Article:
Congress Signals Change for Immigration Policies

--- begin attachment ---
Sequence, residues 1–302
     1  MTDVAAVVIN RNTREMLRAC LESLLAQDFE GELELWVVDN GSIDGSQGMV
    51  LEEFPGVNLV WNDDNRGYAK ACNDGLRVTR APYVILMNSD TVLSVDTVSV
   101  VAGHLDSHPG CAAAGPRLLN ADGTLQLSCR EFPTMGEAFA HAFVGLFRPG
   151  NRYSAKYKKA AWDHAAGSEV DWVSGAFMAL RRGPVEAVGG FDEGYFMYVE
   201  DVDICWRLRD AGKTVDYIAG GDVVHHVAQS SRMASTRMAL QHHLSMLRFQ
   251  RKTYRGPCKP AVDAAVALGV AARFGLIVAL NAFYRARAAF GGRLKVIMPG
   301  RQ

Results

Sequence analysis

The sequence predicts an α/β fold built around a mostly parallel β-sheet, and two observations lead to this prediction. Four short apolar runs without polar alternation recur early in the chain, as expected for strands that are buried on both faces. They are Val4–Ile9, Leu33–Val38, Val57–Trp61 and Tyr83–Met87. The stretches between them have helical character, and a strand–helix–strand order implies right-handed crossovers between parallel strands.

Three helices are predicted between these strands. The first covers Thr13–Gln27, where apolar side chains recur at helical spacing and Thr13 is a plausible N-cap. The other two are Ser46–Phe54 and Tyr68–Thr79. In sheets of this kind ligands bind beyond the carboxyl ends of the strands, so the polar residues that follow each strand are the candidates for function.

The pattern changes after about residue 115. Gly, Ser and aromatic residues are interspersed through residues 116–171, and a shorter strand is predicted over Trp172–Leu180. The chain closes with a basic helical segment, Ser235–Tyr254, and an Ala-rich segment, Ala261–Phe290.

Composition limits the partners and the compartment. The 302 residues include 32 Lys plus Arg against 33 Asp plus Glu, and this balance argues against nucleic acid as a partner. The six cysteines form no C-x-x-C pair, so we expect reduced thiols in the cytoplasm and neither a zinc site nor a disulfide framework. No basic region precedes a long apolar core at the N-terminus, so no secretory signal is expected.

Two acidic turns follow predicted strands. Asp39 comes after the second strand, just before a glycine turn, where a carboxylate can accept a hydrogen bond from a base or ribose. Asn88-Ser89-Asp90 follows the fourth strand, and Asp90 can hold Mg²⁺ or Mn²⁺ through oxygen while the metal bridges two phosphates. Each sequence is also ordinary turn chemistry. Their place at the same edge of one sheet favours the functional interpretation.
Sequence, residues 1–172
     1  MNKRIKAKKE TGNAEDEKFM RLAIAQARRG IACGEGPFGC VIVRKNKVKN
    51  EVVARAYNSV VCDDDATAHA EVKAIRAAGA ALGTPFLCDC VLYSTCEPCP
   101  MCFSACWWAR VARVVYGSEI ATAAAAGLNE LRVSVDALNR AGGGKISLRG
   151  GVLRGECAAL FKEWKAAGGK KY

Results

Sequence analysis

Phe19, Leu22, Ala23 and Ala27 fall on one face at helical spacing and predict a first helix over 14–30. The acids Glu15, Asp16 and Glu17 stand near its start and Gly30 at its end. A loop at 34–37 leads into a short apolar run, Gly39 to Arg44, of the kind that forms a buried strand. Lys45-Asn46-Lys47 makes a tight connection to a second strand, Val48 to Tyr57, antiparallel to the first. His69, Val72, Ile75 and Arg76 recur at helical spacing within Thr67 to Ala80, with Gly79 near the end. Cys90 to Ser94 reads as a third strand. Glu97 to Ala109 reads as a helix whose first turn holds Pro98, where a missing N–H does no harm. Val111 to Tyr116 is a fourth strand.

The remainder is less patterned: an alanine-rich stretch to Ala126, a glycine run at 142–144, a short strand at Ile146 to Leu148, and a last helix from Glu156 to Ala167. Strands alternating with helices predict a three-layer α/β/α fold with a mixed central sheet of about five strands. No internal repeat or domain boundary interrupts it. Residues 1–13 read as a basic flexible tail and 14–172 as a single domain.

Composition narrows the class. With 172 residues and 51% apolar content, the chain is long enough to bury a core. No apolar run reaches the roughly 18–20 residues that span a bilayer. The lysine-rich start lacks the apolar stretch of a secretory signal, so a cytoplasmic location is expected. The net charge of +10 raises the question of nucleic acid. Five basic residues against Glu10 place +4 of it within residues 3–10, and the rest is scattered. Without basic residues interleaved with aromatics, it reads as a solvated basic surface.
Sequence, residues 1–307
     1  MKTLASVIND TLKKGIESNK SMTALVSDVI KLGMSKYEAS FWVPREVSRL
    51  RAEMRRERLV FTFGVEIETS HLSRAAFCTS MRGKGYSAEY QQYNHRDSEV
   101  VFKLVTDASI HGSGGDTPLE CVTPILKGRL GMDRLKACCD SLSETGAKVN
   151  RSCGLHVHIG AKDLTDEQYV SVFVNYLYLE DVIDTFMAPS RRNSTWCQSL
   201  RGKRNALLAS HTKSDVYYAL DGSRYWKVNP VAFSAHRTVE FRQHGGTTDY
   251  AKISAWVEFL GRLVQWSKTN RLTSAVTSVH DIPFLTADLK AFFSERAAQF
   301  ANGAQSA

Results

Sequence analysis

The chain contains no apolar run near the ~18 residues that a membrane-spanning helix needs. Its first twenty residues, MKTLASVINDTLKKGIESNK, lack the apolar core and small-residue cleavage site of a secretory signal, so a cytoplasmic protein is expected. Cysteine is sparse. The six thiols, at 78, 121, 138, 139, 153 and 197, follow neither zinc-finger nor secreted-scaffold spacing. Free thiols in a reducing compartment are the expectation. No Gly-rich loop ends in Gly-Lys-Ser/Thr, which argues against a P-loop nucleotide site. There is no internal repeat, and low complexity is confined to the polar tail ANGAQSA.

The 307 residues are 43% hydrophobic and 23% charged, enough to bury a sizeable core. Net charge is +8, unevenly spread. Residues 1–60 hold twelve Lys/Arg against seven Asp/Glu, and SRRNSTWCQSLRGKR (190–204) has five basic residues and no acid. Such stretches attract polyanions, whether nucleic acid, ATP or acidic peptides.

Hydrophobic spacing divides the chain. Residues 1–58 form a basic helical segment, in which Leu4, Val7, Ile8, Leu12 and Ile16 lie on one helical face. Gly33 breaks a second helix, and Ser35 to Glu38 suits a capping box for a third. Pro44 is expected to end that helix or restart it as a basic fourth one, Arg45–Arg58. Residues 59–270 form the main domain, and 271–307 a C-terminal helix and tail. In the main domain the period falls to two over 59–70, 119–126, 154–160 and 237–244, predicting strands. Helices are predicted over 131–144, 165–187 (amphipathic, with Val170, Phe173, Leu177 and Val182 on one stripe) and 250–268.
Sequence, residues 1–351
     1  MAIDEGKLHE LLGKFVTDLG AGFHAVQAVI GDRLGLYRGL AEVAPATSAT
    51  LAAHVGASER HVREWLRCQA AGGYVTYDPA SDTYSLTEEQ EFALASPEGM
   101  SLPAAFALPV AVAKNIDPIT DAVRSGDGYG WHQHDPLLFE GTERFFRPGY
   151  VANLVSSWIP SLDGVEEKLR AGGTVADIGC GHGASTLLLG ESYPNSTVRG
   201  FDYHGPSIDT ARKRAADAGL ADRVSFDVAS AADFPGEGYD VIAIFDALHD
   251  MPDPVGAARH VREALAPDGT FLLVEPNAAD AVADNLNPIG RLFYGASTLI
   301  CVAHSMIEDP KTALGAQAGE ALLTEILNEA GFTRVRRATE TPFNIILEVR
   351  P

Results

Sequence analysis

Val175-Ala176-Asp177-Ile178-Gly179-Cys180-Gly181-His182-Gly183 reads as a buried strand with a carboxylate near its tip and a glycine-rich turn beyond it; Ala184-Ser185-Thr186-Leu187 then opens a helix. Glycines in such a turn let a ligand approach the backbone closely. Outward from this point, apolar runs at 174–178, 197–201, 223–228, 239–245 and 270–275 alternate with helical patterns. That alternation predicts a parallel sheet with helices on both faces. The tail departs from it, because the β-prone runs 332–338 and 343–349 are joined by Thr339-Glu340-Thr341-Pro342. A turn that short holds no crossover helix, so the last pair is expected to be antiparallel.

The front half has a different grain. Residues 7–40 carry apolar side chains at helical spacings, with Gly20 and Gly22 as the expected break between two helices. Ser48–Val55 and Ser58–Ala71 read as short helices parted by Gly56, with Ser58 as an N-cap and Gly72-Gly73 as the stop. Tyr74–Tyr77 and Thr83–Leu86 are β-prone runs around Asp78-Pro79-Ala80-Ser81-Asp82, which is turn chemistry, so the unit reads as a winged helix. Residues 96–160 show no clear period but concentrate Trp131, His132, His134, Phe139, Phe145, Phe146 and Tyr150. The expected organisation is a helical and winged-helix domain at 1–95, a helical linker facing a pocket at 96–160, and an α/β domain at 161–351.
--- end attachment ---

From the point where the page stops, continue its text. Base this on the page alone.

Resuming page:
Since the Obama administration came into power, the absence of movement on immigration issues has made activists on both sides of the debate anxious. Most reasoned that there was so much on the new President's agenda, critical issues would have to wait for their turn. But when Immigrations and Customs Enforcement (ICE) went forward with the raids that were born under the Bush administration (much to the apparent surprise of the new Secretary of the Department of Homeland Security), tension mounted. Over 8,000 people in Arizona gathered last weekend to protest the way agreement 287(g) has played out in the hands of local law "enforcers" like Arizona's infamous Sheriff Joe Arpaio, who is well known for stunts like marching immigrants in chains through town. (The agreement hands civil immigration enforcing powers to local criminal law forces.) Racewire reports in Immigration Advocates Want Action From Obama.: But the protesters didn’t pin all the blame on Arpaio. They issued a call to President Obama and DHS Secretary Janet Napolitano, echoed by a powerful op-ed published in the Times, to step up and take responsibility for ending the inhumane policies and terror practices that have become all too commonplace in this country. Is this call being answered? Public News Service reported that Arizona Congressmen Rep. Raul Grijalva and Ed Pastor joined with Illinois Representative Luis Guiterrez at an immigration reform rally on Sunday night at an immigrant rights rally. "The leadership has made public commitments; President Obama has made public commitments. With the enforcement part and other things, it’s become an issue in which more and more people want Congress to react. And I think we need to, and as a consequence of that, I think we have a much better chance this year than we've had the last four or five." Speaker of the House Nancy Pelosi also has signaled a strong stance against the ICE raids and subsequent "tearing families apart." On March 8, Pelosi's noted herposition is that "Taking parents from their children" is "un-American." In an exciting move, on March 10th, the US Department of Justice announced its "first civil-rights probe related to immigration enforcement," referring to an investigation into Sheriff Arpaio and Maricopa County's policing. In response, Maricopa County Supervisor Mary Rose Wilcox admits, "I think they're going to find racial profiling, which is a civil-rights abuse." News items like these, considered collectively, may lead one to feel confident that positive change is coming in the area of immigration reform. More importantly, that reason can begin to reclaim its place in the conversation, not to mention a sense of decency and humanity. These can be important imperatives in a time of economic downfall. But it is precisely at these times that minority and immigrant communities become vulnerable to scapegoating and potentially worse. On AlterNet, Kevin Tillman addresses a popular example of the tendency to target the immigrant community in Stimulus Spin: Unauthorized Immigrants Will Get Construction Jobs. Tillman reminds us that even if undocumented workers benefit along with the rest of the nation, this is on cause to reject the stimulus package nor to visit hostility upon the immigrant community. Here's the thing: I don't care, and neither should you. Because the whole argument obscures the larger issue. …[T]here is no doubt that if we create a bunch of new jobs -- especially in construction -- unauthorized workers will get some of them. After all, they make up about 4-5 percent of the American workforce. And that's fine, because stimulus spending is not just about creating jobs. At the same time, the administration's moves toward approaching immigration from a different angle are muddied by other interconnected realities. On March 10th, Air America posted a clip of Rachel Maddow's interview with DHS Secretary Janet Napolitano, with the theme "Mexico bad and getting worse" to which the solution offered was the Mérida Initiative, or what many opponents call "Plan México." Mérida is dubbed Plan México after Plan Colombia, in which the US (under President Bill Clinton) enacted legislation targeting the drug commerce in Colombia, specifically the coca crops. (The legislation was funded and further expanded under President Bush.) Plan Colombia has been soundly criticized because of paramilitary and police abuses by the Colombian armed forces, as well as the abject failure to reduce cocaine production, which instead has greatly increased. The Mérida Inititiative is a plan that could only be enacted by a government that has learned nothing from Plan Colombia's miserable failure. The Mérida Initiative is a program crafted by the minds of the Bush administration, and like so much legislation of that era attempts to introduce oppressive and authoritarian measures in response to predictable phenomena, and all without examining the true causes. Suggesting that Plan México is "change" from the policies of the Past is ridiculous. As Laura Carlsen of the Center for International Policy (CIP) wrote: "…[T]he militarized approach to fighting organized crime, couched in terms of the counterterrorism model of the Bush administration, presents serious threats to civil liberties and human rights. In Mexico, this has already been clear particularly among four vulnerable groups: members of political opposition, women, indigenous peoples, and migrants. … Because Mexico cannot receive any cash under Plan Mexico, the entire appropriations package translates into juicy contracts for arms manufacturers, mercenary firms, and U.S. defense and intelligence agencies. Perhaps Plan México will bring about more border cities being taken over by the military. Such as on March 4th, when reported that the Mexican government sent over 2,000 troops into the border city of Ciudad Juarez to "try and regain control" as "more than 2,000 people have been murdered over the past year." This violence was, of course, instigated by Mexican President Felipe Calderón's unprecedented attack on the Cartels. So these conflicts intensify and the proposed answer—in the form of Mérida—is more funding, more weapons, more surveillance. There are no voices telling us, yet, how using greater weaponry and surveillance and increased military powers are going to quell the national appetite for drugs that makes this conflict possible. Nor how even a government or two can hope to match that source of funding. Nor is anyone yet advising us on why we should be content in 2009 to watch complex issues of society be reduced to issues of force and more and more of our society handed over to military control. Especially when we surely have learned that this is not beneficial to the People. One hopes that the current confluence of crises will inspire bold thought and a momentum capable of breaking away from the fearful and violent mindset that seems to have dogged so much national policy for almost the last decade. We need to make a different world for ourselves. And for others. This post features links to the best independent, progressive reporting about immigration. Visit for a complete list of articles on immigration, or follow us on Twitter. And for the best progressive reporting on critical economy and health issues, check out and This is a project of The Media Consortium, a network of 50 leading independent media outlets, and was created by NewsLadder.